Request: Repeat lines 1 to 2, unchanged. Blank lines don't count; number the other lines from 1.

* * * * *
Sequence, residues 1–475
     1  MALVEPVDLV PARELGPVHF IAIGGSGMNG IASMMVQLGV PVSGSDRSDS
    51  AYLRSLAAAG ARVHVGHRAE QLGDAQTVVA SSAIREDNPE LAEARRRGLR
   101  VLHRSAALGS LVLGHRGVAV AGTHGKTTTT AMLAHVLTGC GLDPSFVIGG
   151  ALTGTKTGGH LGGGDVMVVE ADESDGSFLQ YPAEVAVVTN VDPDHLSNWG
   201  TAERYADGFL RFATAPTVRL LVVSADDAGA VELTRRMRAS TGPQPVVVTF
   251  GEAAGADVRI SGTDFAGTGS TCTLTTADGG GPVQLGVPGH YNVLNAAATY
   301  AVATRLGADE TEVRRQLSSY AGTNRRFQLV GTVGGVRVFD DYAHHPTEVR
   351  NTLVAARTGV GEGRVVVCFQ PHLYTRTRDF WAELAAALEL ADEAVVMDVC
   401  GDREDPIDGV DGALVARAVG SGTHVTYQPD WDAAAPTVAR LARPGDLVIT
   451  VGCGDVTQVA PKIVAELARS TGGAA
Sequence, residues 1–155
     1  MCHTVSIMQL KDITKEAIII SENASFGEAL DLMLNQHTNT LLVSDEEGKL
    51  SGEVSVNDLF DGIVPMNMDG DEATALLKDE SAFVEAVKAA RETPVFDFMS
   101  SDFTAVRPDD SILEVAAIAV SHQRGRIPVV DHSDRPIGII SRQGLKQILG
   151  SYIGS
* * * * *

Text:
Sequence, residues 1–475
     1  MALVEPVDLV PARELGPVHF IAIGGSGMNG IASMMVQLGV PVSGSDRSDS